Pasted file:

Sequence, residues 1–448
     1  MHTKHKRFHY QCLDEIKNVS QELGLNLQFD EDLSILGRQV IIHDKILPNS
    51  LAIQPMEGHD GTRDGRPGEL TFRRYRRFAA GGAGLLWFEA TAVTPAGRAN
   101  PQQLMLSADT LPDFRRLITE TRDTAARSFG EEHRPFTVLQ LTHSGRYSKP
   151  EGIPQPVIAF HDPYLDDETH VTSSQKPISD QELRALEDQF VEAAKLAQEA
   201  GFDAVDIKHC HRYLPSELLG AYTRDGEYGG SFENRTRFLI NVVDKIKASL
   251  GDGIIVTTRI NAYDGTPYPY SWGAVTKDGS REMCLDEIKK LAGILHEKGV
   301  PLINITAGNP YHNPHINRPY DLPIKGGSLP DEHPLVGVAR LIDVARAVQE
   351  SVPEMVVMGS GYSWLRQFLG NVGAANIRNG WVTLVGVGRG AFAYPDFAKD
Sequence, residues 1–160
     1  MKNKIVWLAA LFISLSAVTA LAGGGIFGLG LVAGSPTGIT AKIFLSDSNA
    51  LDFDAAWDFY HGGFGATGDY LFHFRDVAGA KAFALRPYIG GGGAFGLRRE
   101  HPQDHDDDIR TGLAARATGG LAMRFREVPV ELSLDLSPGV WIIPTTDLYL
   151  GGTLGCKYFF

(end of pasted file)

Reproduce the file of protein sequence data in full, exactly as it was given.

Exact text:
Sequence, residues 1–448
     1  MHTKHKRFHY QCLDEIKNVS QELGLNLQFD EDLSILGRQV IIHDKILPNS
    51  LAIQPMEGHD GTRDGRPGEL TFRRYRRFAA GGAGLLWFEA TAVTPAGRAN
   101  PQQLMLSADT LPDFRRLITE TRDTAARSFG EEHRPFTVLQ LTHSGRYSKP
   151  EGIPQPVIAF HDPYLDDETH VTSSQKPISD QELRALEDQF VEAAKLAQEA
   201  GFDAVDIKHC HRYLPSELLG AYTRDGEYGG SFENRTRFLI NVVDKIKASL
   251  GDGIIVTTRI NAYDGTPYPY SWGAVTKDGS REMCLDEIKK LAGILHEKGV
   301  PLINITAGNP YHNPHINRPY DLPIKGGSLP DEHPLVGVAR LIDVARAVQE
   351  SVPEMVVMGS GYSWLRQFLG NVGAANIRNG WVTLVGVGRG AFAYPDFAKD
Sequence, residues 1–160
     1  MKNKIVWLAA LFISLSAVTA LAGGGIFGLG LVAGSPTGIT AKIFLSDSNA
    51  LDFDAAWDFY HGGFGATGDY LFHFRDVAGA KAFALRPYIG GGGAFGLRRE
   101  HPQDHDDDIR TGLAARATGG LAMRFREVPV ELSLDLSPGV WIIPTTDLYL
   151  GGTLGCKYFF